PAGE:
Lots of immature reactions all around. Do own up to your part in this.
You and your husband need to be on the same page with this, as in all aspects of life, particularly with children. Visits are going to happen, and I don't think that his folks arriving 3 days after Christmas did anything to prevent you from having Christmas together. Yes, I know about 12 Days of Christmas, but did you honestly expect to spend that much Christmas together just with your immediate family? His folks rightfully wanted to see their grandchild.
The problem was in the 7 day visit, and with them staying with you. Now, let's try it again, as in - you saying to your husband - "Let's invite your folks over for Easter. But let's pay for them to stay in a motel." Then find a nice one for them and do just that. If your husband balks, or says you cannot afford it, then agree to have them in your home on the condition that the visit be only for 3 days. Explain that a week is too much; it can be difficult when there is friction between people, to be able to keep it together for much longer than that. And plan activities, either way, whether they stay in your home or not. You'll go to the zoo. You'll visit a playground. Maybe one day your inlaws will take the children themselves, and you and your husband will have an afternoon alone together. Maybe you can find a family-friendly movie house.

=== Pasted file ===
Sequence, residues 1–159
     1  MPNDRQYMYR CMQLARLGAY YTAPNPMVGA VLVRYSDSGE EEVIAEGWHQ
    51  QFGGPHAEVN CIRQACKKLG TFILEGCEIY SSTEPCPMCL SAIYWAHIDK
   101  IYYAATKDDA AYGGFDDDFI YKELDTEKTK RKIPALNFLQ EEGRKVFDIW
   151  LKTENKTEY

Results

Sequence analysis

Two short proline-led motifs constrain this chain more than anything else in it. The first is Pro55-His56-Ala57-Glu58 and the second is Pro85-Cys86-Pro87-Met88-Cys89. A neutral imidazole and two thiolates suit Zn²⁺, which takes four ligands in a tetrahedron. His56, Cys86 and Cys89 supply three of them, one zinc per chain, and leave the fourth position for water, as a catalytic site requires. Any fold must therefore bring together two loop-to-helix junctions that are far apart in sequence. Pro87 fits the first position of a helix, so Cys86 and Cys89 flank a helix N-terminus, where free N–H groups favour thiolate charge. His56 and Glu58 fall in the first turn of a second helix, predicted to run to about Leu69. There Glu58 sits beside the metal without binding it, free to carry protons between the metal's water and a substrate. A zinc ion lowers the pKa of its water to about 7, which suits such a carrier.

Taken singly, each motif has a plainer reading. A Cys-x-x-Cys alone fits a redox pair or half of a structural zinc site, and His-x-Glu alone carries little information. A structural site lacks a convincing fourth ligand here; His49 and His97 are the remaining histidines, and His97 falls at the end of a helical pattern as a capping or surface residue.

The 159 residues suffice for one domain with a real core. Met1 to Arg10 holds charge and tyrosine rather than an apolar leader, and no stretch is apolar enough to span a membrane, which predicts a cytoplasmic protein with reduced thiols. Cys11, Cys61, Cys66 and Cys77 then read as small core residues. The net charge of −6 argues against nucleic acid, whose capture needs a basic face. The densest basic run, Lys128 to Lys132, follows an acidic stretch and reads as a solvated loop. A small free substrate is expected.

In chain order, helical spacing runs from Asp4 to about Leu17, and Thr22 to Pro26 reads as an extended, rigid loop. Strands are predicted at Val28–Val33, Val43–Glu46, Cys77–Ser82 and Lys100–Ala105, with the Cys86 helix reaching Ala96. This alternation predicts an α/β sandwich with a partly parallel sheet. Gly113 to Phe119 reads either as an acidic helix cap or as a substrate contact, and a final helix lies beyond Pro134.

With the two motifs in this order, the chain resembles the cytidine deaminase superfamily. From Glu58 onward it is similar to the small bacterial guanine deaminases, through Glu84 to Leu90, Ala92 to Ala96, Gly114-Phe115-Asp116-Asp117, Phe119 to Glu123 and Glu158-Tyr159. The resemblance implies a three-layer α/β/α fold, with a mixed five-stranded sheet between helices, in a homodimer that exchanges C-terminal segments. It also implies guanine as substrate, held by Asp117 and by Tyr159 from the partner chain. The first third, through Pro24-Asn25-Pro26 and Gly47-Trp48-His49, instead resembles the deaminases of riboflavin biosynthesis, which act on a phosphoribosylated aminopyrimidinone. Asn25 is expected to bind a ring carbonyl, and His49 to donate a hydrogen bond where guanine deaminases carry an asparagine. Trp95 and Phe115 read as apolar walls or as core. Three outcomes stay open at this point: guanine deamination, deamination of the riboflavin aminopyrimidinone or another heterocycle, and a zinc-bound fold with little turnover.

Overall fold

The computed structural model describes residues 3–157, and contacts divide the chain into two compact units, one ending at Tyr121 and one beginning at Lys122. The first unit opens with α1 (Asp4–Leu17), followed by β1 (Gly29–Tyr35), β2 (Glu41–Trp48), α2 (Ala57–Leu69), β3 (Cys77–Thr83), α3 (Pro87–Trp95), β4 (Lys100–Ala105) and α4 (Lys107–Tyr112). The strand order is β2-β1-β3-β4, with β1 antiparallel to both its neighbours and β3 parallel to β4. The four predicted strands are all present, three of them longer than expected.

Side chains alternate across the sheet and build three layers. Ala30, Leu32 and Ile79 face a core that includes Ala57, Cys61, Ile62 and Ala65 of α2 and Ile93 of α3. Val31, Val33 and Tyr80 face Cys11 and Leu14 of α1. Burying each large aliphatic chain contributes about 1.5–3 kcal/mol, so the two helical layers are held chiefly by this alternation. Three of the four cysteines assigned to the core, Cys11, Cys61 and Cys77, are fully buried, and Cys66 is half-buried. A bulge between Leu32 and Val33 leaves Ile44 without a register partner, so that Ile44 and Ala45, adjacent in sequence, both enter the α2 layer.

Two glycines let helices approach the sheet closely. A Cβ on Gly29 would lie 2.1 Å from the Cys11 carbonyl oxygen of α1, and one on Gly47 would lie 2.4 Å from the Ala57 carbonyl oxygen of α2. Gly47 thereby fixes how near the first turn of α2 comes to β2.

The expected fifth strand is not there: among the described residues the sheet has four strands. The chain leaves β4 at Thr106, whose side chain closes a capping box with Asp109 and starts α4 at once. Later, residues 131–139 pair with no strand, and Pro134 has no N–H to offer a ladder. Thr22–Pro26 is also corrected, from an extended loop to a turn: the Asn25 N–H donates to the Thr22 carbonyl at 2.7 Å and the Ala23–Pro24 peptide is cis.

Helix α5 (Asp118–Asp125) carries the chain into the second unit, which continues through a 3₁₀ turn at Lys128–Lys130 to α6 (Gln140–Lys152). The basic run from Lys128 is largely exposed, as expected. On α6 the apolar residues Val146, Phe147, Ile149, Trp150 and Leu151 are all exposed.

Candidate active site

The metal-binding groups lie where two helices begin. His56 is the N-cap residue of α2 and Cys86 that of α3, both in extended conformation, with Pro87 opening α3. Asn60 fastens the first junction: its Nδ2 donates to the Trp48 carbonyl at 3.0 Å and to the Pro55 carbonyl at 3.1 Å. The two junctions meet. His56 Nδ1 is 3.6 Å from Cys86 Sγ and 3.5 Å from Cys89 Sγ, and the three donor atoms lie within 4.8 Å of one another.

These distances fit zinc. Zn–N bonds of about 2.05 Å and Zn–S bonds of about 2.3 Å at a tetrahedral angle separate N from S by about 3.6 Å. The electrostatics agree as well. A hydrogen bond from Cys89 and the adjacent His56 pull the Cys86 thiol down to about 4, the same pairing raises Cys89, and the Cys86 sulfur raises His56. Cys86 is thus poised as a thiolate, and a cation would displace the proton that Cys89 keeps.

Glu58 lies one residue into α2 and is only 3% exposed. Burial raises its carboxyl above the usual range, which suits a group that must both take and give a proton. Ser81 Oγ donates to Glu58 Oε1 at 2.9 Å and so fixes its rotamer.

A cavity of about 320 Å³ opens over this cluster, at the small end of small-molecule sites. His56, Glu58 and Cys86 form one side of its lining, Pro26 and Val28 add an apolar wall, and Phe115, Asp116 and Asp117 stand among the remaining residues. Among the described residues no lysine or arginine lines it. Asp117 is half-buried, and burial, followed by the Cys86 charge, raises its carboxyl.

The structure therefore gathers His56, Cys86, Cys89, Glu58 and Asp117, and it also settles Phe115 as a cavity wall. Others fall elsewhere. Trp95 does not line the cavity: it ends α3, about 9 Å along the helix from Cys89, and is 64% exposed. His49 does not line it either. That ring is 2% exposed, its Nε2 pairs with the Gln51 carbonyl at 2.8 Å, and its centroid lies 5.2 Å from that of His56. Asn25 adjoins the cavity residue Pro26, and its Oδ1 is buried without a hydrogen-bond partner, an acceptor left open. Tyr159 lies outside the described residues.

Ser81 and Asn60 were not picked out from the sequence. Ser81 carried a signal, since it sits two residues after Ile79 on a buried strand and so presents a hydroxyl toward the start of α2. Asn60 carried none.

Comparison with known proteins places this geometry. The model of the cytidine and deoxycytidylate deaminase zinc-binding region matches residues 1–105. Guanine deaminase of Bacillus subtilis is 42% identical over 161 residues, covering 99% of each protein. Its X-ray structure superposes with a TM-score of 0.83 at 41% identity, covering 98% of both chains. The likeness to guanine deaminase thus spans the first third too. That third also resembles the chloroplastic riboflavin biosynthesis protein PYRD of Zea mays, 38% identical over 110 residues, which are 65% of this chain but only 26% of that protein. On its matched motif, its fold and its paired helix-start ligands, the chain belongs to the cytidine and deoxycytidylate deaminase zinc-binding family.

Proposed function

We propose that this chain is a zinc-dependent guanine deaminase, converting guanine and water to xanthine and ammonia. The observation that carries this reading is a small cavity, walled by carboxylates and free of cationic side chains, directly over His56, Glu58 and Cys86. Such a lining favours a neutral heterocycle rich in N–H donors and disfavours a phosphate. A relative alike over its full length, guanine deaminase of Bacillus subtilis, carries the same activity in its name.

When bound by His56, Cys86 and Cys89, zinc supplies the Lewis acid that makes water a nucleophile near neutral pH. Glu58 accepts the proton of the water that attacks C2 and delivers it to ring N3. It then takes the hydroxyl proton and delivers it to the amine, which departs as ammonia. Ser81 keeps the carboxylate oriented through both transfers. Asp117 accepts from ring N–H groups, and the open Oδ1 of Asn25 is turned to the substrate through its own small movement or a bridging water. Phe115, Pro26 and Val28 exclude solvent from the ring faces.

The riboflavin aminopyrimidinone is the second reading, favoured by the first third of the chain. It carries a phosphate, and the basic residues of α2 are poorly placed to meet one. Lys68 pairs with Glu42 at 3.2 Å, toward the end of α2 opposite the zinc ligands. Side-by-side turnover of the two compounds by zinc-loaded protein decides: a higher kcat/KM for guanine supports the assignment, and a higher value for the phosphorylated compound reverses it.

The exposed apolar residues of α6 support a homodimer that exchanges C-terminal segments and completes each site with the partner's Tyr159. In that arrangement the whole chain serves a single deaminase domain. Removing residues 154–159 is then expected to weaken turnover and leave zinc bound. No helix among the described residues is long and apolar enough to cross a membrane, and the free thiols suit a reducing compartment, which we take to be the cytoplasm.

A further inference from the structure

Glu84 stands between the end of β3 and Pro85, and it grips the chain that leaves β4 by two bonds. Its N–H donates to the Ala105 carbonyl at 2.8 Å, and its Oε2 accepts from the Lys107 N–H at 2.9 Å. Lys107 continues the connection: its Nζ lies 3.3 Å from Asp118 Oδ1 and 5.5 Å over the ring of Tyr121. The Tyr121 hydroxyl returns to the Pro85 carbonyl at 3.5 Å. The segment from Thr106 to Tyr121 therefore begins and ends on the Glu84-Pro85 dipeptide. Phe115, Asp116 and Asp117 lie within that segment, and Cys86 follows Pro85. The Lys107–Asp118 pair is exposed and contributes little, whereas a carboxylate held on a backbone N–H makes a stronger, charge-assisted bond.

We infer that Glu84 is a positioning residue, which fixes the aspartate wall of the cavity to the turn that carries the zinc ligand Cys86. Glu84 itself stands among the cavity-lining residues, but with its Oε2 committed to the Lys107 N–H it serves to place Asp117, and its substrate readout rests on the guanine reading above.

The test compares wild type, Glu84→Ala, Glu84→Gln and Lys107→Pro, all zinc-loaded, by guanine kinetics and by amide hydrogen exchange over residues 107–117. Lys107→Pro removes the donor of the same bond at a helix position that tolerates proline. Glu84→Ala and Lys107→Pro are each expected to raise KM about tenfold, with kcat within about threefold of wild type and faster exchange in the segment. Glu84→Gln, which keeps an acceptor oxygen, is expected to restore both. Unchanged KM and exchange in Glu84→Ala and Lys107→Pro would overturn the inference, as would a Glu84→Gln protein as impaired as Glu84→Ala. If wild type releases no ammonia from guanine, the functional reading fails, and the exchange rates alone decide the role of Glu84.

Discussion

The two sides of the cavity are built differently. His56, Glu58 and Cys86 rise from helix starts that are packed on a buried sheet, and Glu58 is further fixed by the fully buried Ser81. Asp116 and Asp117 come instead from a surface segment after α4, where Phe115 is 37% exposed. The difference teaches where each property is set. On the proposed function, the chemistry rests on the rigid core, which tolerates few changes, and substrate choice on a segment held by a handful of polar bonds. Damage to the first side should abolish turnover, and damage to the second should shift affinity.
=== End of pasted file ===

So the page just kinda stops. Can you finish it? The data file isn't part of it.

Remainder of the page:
In short, you need to (a) be the first one to bend in terms of getting them back into your life but (b) make it more manageable for all. Yes, you're doing the work here, but you're the one who asked, and you feel you are suffering, so you need to be the one to do something about it.
Inlaw relationships can be difficult. Distance may mean that they feel the need to get all of their conversations (including nagging) in at once. But hang in there. If you and your husband present a united front, your inlaws can have a good relationship with your children and can be in their lives, but without undercutting you.